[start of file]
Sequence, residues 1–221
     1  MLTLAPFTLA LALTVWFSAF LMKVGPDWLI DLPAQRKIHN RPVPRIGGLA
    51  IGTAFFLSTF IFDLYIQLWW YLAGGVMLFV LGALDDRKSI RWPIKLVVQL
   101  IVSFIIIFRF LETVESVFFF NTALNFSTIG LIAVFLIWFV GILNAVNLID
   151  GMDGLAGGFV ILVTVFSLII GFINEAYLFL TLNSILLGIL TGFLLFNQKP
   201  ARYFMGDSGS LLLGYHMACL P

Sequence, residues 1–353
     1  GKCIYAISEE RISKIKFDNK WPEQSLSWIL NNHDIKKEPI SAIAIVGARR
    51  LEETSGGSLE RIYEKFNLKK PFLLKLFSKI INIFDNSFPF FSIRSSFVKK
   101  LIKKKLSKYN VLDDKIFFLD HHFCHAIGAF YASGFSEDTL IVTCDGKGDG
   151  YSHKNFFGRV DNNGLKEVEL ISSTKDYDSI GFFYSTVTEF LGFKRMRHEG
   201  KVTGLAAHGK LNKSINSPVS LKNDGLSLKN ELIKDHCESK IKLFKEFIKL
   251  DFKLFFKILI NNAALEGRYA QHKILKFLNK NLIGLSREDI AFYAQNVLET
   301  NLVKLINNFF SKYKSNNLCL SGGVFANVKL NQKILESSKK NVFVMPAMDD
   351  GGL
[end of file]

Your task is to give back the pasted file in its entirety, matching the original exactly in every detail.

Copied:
Sequence, residues 1–221
     1  MLTLAPFTLA LALTVWFSAF LMKVGPDWLI DLPAQRKIHN RPVPRIGGLA
    51  IGTAFFLSTF IFDLYIQLWW YLAGGVMLFV LGALDDRKSI RWPIKLVVQL
   101  IVSFIIIFRF LETVESVFFF NTALNFSTIG LIAVFLIWFV GILNAVNLID
   151  GMDGLAGGFV ILVTVFSLII GFINEAYLFL TLNSILLGIL TGFLLFNQKP
   201  ARYFMGDSGS LLLGYHMACL P

Sequence, residues 1–353
     1  GKCIYAISEE RISKIKFDNK WPEQSLSWIL NNHDIKKEPI SAIAIVGARR
    51  LEETSGGSLE RIYEKFNLKK PFLLKLFSKI INIFDNSFPF FSIRSSFVKK
   101  LIKKKLSKYN VLDDKIFFLD HHFCHAIGAF YASGFSEDTL IVTCDGKGDG
   151  YSHKNFFGRV DNNGLKEVEL ISSTKDYDSI GFFYSTVTEF LGFKRMRHEG
   201  KVTGLAAHGK LNKSINSPVS LKNDGLSLKN ELIKDHCESK IKLFKEFIKL
   251  DFKLFFKILI NNAALEGRYA QHKILKFLNK NLIGLSREDI AFYAQNVLET
   301  NLVKLINNFF SKYKSNNLCL SGGVFANVKL NQKILESSKK NVFVMPAMDD
   351  GGL